A while back, I signed up to review this book and place that review on my blog.? I received the book in the mail a couple of weeks ago and I have read it, but am just now getting around to writing the review.
I was really excited to begin reading the book, because Mark Batterson’s first book, In a Pit with a Lion on a Snowy Day was a huge book in my pilgrimage.? I read it all in one sitting…in the middle of the night.? His style is very similar to his writing style on his blog, which I read all of the time on my RSS reader.
Our Generation needs a reformation.? But a single person won’t lead it…A single event won’t define it.
Our reformation will be a movement of reformers living compassionately, creatively, courageously for the cause of Christ.
This reformation will not be born of a new discovery.? It will be the rediscovery of something old, something ancient.? Something Primal.
What would your Christianity look like if it was stripped down to the simplest, rawest, purest faith possible? You would have more, not less.? You would have the beginning of a new reformation–in your generation, your church, your won soul.? You would have primal Christianity.
This book is an invitation to become part of a reformation movement.? It is an invitation to rediscover the compassion, wonder, curiosity, and energy that turned the world upside down two thousand years ago. It is an invitation to be astonished again.
Front Dust Cover–
Be Astonished Again.
We have a tendency to complicate Christianity. Jesus simplified it: Love God with all of your heart, soul, mind, and strength. If we are to live out the essence of Christianity, we must commit to being great at this Great Commandment.
In Primal, Mark Batterson explores the four elements of Great Commandment Christianity: compassion, wonder, curiosity, and power. Along the way, he calls you to be a part of God?s reformation, starting in your own life.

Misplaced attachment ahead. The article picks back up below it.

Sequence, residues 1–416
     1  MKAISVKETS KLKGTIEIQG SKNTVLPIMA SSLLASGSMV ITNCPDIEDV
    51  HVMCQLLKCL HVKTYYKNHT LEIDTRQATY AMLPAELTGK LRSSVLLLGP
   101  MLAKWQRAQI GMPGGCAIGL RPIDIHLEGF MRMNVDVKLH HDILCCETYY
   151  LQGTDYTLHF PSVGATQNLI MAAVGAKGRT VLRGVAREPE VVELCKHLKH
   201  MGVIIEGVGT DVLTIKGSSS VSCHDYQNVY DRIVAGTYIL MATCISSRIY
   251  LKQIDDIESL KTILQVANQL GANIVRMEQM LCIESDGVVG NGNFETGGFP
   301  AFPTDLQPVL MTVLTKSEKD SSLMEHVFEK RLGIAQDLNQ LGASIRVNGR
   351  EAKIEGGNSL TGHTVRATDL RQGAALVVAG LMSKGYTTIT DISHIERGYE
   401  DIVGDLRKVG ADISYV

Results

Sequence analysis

As Mark writes, ?Is there a place in your past where you met God and God met you? A place where your heart broke for the things that break the heart of God? Maybe it was a sermon that became more than a sermon. Maybe it was a mission trip or retreat. Maybe it was a vow you made at an altar. In that moment, God birthed something supernatural in your spirit. You knew you?d never be the same again. My prayer is that this book would take you back to that burning bush?and reignite a primal faith.?
Primal will help you live in light of what matters most and discover what it means to love God. It will help you become great at the Great Commandment.
I think, honestly, I was looking for this book to be like “In A Pit With A Lion On A Snowy Day.”? That book was very influential to me when I read it in one sitting.? I am draw to Mark Batterson because he is a church planter and he talks about his time spent at college at Central Bible College in my home town of Springfield, MO.
He sets out on a “quest” for authentic, or “primal” Christianity.? Jesus explained the primal tenet of Christianity in the Great Commandment (Mark 12:30). The problem, though, with the modern church, Batterson writes is that we aren’t doing the Great Commandment.? He writes, “My answer is simply this: we’re not great at the Great Commandment.? In too many instance, we’re not even good at it….That, I believe, is our primal problem.? That is the lost soul of Christianity.”? He continues “The quest for the lost soul of Christianity begins with rediscovering what it mean to love God with all our heart, soul, mind, and strength.? Jesus used those four kaleidoscopic words to describe four dimensions of love.”
The book is then laid out by further discussion of each of these four “primal elements” in the Great Commandment:
The heart of Christianity is primal compassion.
The soul of Christianity is primal wonder.
The mind of Christianity is primal curiosity.
And the strength of Christianity is primal energy. (Italics mine)
No, the book did not make as large an impact as Batterson’s first book, but it is definitely worth the read.? My copy has a lot of “dog-eared” pages, highlighted passages, and notes scribbled in the margins…a good sign of a good book (in my own humble opinion.) I really enjoy Batterson’s writing style as well as his illustrations along the way.? He is a very widely read person and that shows on the variety of the illustrations and thoughts he has in the book.
I would recommend this book to anyone in our church.? I think I am going to recommend this book to our Life Groups as well.? So, if you have any gift cards for books, make sure you go and get this book! It is also available on my beloved Kindle, on December 29th!